The head of a north-east mental health charity has warned continued uncertainty about route out of lockdown will be “hard to comprehend” for people struggling with mental health and isolation.
The Scottish Government yesterday outlined plans to take mainland Scotland to Level 3 by the end of April, but offered no insight into what was to come afterwards.
Within the third tier of Covid restrictions, people are still unable to visit each other indoors or leave their council area.
Other charities helping vulnerable people have demanded their needs are directly addressed by ministers planning the exit from lockdown.
Mental Health Aberdeen chief executive Astrid Whyte told The P&J the news would be “tough to hear for people struggling with businesses and for those staying at home – there seems to be no light at the end of the tunnel”.
Mrs Whyte said lockdown had “frustrated” her charity’s efforts to help people as, perhaps due to a lack of face-to-face meetings, they were taking longer to ask for help.
The cost of video calling – preferred to a simple phone call – also is acting as a deterrent.
“When they make it to us, they are really desperate and very unwell – before the pandemic it was much easier for a GP or a friend to see them and suggest they might consider counselling,” she added.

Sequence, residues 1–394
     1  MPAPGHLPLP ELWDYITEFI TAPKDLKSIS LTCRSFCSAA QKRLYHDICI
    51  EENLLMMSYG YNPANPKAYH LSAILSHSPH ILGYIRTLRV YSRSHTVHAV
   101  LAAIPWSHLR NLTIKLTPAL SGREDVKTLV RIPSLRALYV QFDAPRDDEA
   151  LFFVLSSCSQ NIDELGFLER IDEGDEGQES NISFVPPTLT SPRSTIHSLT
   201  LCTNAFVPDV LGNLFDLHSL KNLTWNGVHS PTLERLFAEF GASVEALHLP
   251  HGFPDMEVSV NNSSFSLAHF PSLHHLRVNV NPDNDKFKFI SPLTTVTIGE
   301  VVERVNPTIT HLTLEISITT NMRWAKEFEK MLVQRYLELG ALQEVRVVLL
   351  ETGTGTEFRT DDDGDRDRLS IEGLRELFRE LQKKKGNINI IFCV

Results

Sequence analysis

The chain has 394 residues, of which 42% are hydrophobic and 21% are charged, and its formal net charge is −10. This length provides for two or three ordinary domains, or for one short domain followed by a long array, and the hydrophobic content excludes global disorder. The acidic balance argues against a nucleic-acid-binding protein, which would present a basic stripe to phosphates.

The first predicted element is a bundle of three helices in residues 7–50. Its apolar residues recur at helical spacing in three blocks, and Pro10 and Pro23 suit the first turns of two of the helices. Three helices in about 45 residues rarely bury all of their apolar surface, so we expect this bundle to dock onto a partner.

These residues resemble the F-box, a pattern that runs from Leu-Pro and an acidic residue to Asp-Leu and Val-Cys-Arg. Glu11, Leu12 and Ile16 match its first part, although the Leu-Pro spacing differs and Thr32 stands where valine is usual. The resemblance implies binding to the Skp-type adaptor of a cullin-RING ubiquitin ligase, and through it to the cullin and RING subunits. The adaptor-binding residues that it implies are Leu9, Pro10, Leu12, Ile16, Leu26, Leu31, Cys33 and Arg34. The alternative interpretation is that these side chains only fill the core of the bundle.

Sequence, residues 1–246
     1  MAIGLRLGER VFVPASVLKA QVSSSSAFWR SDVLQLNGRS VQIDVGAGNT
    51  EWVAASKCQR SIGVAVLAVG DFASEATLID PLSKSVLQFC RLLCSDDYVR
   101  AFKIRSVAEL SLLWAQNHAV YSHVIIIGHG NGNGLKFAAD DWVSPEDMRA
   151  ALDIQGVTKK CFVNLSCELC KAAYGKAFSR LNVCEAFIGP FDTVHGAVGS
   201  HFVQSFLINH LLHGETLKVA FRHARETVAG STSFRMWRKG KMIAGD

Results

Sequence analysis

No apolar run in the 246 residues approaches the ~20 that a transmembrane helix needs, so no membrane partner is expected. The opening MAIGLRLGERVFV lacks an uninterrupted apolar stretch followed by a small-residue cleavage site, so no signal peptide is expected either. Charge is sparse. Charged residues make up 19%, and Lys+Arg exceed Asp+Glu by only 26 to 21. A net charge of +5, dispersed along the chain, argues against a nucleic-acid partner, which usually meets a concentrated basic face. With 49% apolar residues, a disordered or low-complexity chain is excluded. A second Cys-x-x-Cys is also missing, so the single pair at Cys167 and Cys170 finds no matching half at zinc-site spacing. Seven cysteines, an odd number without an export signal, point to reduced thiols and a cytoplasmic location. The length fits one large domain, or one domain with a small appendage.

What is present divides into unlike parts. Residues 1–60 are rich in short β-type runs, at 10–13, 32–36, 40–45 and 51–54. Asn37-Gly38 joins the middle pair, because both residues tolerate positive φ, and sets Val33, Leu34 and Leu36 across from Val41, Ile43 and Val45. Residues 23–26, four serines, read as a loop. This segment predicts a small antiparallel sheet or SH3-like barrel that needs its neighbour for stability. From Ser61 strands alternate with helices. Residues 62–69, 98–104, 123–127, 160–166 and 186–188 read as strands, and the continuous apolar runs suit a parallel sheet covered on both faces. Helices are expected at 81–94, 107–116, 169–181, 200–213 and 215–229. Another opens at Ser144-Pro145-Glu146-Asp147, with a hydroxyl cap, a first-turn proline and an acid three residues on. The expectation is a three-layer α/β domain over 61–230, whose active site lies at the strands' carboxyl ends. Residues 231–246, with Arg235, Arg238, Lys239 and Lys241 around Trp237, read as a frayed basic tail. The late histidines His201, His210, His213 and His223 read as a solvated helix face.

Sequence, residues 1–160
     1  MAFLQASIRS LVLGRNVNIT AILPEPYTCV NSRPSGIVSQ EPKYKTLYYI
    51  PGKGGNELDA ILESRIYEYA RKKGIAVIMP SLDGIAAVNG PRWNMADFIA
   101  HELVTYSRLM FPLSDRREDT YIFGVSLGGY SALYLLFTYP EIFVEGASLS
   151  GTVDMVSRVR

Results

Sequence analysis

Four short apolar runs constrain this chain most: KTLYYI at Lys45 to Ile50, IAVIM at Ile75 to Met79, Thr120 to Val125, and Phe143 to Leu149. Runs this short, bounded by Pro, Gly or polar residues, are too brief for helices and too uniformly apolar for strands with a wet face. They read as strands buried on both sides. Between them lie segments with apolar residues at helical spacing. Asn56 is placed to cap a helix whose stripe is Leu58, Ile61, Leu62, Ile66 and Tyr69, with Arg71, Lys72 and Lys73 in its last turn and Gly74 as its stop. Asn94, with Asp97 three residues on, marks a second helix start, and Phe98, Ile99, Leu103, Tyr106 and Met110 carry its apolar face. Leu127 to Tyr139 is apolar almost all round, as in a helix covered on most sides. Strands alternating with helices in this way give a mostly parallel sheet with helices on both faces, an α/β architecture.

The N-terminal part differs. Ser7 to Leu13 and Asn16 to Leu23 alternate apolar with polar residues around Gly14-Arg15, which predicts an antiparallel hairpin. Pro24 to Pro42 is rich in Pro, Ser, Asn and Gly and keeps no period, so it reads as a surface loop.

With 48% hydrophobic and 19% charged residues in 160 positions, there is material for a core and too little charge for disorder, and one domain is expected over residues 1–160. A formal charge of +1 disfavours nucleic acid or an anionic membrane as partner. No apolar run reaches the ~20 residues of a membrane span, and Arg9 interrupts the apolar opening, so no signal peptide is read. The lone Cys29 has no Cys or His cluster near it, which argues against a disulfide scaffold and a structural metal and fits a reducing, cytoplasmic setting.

“Referrals are going up again, self-referral is increasing massively – on Friday alone we had 19 appointments in our adult service, which is a lot in one day for us.
“We have been coping with the demand, but less so with the severity of issues clients are bringing and the level of psychological disturbance they are presenting with.
“Stay at home guidance continuing means we really can’t do our best for those who need it most.”
Meanwhile, Age Scotland has called for the government to come up with a recovery plan – addressing local and national needs – for older people.
Last night chief executive Brian Sloan said the first minister’s Holyrood speech would “bring real hope to many” who had been have been separated from family and friends “for a very long time”.
But he added: “The impact of the pandemic on older people cannot be over-estimated.
“Hundreds of thousands of older people are experiencing crippling levels of isolation and loneliness, many have been cut off from family, friends and community for almost a year and have experienced a decline in their physical and mental health.
“For some of those older people who are struggling, the prospect of a return to pre-pandemic normality might seem overwhelming with many unsure of how to reconnect and pick up the pieces of their life again.
“It is vital that in the coming weeks and months, support is made available to ensure that older people can rebuild their lives and feel connected once again. We need to work out how best to open the doors to allow older people to feel safe, valued members of society.
“Older people must be helped to recover – and thrive – after a pandemic that took so much from them.”